The Art of Ian Miller can be described in two words: transmogrification and phantasmagorical.
The former is “to alter greatly and often with grotesque or humorous effect” and the latter is “something with a fantastic or deceptive appearance, as something in a dream or created by the imagination.” There are over 300 drawings in this book, most of them finished, who was made most famous for Lovecraft novel covers to Tolkien bestiaries to Warhammer 40,000 concept art. The weird, the strange and the frightening are contained in art within, but is it good?
The Art of Ian Miller (Titan Books)
The book is broken down into four sections starting with Maelstrom, moving on through with Dragons, Men to Monsters and Machines, some of the strongest portions focused on Castles and Kingdoms, and wrapping things up with Dreams and Nightmares.
Miller supplies commentary throughout the book ranging from what he may have been thinking, to why he loves drawing the subject itself. While his imagery ranges from completely random and monstrous, to a fantasy setting there’s one thing that remains throughout the imagery and that’s the fantastically impossible nature of his images. There’s some sense of the real here, but he’s taken artistic license to morph things into a place only he could show us. And that’s precisely why this book was published I’m sure, because by books end you’ll be convinced the man is a genius in capturing the weird.
Amazing buildings impossibly teetering.
Aren’t these dudes in this summer’s Disney movie Maleficent?
For my liking there isn’t enough commentary on Miller’s technique or background. There is a few snippets, for instance a recalling of a teacher who told him a masterpiece could be destroyed with a twitch, but it comes up rarely. That bit does make a heck of a lot of sense in how his style was formed when you consider how detailed and elaborate his work is. A simple twitch would assuredly destroy the delicate web of madness he weaves. Miller also delves into people assuming he’s on drugs, which is a pleasantly honest portion.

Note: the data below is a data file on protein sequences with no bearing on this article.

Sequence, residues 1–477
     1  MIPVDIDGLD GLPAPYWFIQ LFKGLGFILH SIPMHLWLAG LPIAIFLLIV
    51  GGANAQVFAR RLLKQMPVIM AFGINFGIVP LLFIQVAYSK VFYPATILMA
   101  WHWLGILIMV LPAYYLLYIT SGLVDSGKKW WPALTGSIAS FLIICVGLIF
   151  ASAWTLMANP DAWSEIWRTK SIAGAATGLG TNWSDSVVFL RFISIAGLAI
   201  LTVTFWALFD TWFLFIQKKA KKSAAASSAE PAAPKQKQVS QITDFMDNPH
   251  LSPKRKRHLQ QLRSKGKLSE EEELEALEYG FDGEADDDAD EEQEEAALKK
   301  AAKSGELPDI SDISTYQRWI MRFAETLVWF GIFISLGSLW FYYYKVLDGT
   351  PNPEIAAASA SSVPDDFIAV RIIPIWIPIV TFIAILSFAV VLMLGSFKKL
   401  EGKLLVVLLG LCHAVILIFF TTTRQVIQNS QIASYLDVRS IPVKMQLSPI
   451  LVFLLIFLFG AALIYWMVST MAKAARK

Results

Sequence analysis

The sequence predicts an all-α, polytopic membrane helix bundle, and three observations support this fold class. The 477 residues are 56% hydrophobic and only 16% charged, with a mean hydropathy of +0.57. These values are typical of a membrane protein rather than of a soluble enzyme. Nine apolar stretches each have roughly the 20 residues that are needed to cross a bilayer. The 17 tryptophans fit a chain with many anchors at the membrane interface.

A piece made for Greenpeace.
There is also a single paragraph discussing the pens he uses although specific detail on what type is exactly will leave artists a bit let down. He does however go into how pens are responsive to mood and direction change. This is a fascinating bit that connects his lines to the emotional place he might be when drawing. Unfortunately by books end I’m not exactly sure what it takes for Miller to draw these masterworks, be it time or difficulty. As a collection of works though I can’t see anyone complaining.
The strongest pieces in this book are the most wild, at least for me, and while his horrific trees are also captivating it’s the chaotic monsters and their worlds that capture the most imaginative brainspace. The amount of detail lends itself to a reality you can easily comprehend and imagine. There isn’t much left to the imagination on the page, as that’s left to what is going on around it. Abstract art forces the viewer to react and register their emotion, but here the image itself is clear and vivid with impeccable detail. That forces one to delve into the world Miller has created and makes you wonder what it’s like, how it feels and what might be happening in the next moment. Some images are foreboding, others scary but all of them are awe inspiring.
Is It Good?
While I wish there was more info on the process this is an exciting and vivid collection. This book shows Miller is able to draw in a unique way, all from his own head, that shows a sense of wonder you can’t get from every artist. That makes this read a very worthy compendium of art for those who are interested in Miller and those who are simply interested in escaping this very ordinary world.